HR: Five components of the strategic business partner mindset
In his 1997 book, ‘Human Resources Champions’, Dave Ulrich famously proposed the HR Business Partner model, which sees HR integrating itself into organisations and aligning its work directly with business objectives.
This is the vision of HR as a strategic partner, unchained from day-to-day admin and free to consult across the business, unpicking innovative HCM strategies from the emotions, hopes and beliefs of its people.
It’s what organisational leaders envisage when they talk about HCM as a critical value-driving operation. In 2016, a KPMG survey found that over 80% of business executives felt that effective HR was critical to success, and 59% believed it wold only grow in importance.
The kicker, only 17% felt that HR did a good job in demonstrating its value to the business.
Is it that the remaining 83% of HR spends too much of its time on transactional processes; not enough time on strategy? Is HR too focussed on HR? Or is it simply just bad at communicating what it does?
What can we learn from that 17%? What does the strategic business partner mindset look like in practice?
Wider contextual knowledge
The published reading lists of renowned scientific innovators like Albert Einstein or Carl Sagan show something interesting. The books that inspired them most were not related to their field of expertise, but instead enriched the context in which they worked.
In a similar way, the strategic HR professional should be an authority on more that just their role in the organisation. They should understand the fundamentals, the challenges and objectives of finance, sales, marketing and production. They should read up on sector innovation, competitor activity and market analysis.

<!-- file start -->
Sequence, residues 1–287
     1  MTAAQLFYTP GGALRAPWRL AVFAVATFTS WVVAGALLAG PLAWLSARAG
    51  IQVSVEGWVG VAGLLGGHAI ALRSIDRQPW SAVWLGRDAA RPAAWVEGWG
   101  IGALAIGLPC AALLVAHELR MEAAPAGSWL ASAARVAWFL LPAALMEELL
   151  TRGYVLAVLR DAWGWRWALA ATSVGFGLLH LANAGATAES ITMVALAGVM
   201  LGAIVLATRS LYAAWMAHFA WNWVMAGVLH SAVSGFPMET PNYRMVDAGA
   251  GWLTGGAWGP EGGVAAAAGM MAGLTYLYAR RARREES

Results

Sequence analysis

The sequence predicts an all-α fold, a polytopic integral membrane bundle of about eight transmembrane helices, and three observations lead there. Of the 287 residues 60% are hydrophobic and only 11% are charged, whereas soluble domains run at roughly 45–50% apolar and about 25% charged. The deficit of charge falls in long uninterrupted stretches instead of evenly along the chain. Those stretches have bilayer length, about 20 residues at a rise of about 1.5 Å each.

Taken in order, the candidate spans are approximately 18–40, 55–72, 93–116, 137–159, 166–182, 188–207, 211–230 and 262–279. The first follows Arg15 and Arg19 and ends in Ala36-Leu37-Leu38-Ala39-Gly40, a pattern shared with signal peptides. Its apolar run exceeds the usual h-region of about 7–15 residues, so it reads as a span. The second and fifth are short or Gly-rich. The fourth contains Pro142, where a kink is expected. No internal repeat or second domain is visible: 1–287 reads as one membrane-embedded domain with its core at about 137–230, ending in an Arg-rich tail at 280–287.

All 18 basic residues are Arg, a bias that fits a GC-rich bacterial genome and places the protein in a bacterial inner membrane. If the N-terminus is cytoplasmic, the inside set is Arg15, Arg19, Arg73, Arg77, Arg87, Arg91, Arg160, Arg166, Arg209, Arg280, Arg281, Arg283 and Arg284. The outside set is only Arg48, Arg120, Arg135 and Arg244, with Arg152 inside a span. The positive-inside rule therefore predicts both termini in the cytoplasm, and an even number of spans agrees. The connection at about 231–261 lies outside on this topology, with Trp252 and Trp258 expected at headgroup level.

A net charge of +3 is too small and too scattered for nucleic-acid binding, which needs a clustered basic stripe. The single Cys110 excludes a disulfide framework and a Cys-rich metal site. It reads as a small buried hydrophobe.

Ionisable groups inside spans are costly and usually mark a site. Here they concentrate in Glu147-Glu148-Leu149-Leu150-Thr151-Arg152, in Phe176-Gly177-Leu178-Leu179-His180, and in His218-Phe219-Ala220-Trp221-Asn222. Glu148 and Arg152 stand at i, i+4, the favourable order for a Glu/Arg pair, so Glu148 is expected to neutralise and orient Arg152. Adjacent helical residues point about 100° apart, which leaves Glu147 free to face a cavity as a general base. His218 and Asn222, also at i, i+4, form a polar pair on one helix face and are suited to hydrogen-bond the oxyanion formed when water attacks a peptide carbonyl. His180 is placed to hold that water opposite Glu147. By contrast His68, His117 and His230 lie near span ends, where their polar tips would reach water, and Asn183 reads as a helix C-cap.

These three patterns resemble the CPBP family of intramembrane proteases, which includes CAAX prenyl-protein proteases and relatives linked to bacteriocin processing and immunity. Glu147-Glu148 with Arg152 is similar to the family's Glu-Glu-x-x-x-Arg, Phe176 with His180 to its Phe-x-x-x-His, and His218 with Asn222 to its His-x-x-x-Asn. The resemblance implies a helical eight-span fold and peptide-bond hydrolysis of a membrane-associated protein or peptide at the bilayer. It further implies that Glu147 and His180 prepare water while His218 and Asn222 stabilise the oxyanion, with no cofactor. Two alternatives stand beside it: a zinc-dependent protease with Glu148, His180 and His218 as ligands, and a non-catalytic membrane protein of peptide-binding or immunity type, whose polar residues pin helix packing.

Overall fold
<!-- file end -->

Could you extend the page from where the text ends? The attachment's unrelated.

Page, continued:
Inspiration strikes when old knowledge meets new insight. And by building organisational and sector context around what they do, the strategic HR professional increases their ability to identify innovation opportunities and make sound business recommendations.
Bottom-line objectives and measurement
Strategic HR professionals have their KPIs tied to the business. Every initiative, every action performed by HR should have a justification linked directly to business objectives.
A performance report stating that CPD completion increased by 19% in Q2 is good news, but forgettable. A report linking that increase with a boost in productivity or a fall in waste will land on the boardroom table with a far more satisfying thud.
Dave Ulrich advises HR to ask business leaders which business priorities matter most to them, then make HR innovations and practices relevant to these challenges. “HR is not about HR but the business,” he says.
The strategic 17% make confident fact-based people strategy decisions by harnessing the data they hold.
What are the traits of our most productive employees? Which employees are most likely to leave? How does our retention in key roles compare to our competitors? What talent gaps are we likely to face in the next 12 months? Where are our next leadership candidates coming from?
The answers to these questions have strategic business value, and HR, with its troves of data, is the best placed to provide them. In the age of business digitisation, there are many examples of organisations using people analytics to achieve profound results.
For HR to find the time for all this, its traditional administrative tasks must be delivered in the most efficient way possible. The international strategic advisory firm McKinsey went further in an article last year, suggesting that businesses create a new role, ‘Talent Value Leader’, with a purely strategic remit, entirely removed from operational issues.
Rewriting organisational structure like this may not be possible in the short term, but there will be few among KPMG’s 17% that don’t use self-service systems to save time and empower employees to manage their own personal data.
There’ll be fewer still who run systems that rely on manual data entry and transfer, waiting days or weeks for their data to get up to date.
Harnessing the efficiency and accuracy of HCM software and the deep insight of analytics in the digital age requires HR to develop new skills and data practices, choosing solutions that fit their organisation and its people, then make a compelling case for investment.
Strategic HR professionals are highly valued by business leaders because what they do is clearly articulated and communicated. Their strategy is written and shared so all business leaders can refer back to it at any stage. Their progress is well documented and their successes are communicated at all levels of the business. They PR themselves like pros.
Strategic business partners don’t wait to be asked. Start drawing up your plans for greater strategic impact today. To speak to one of our specialists about how we can help you harness value-boosting HCM software, click here.
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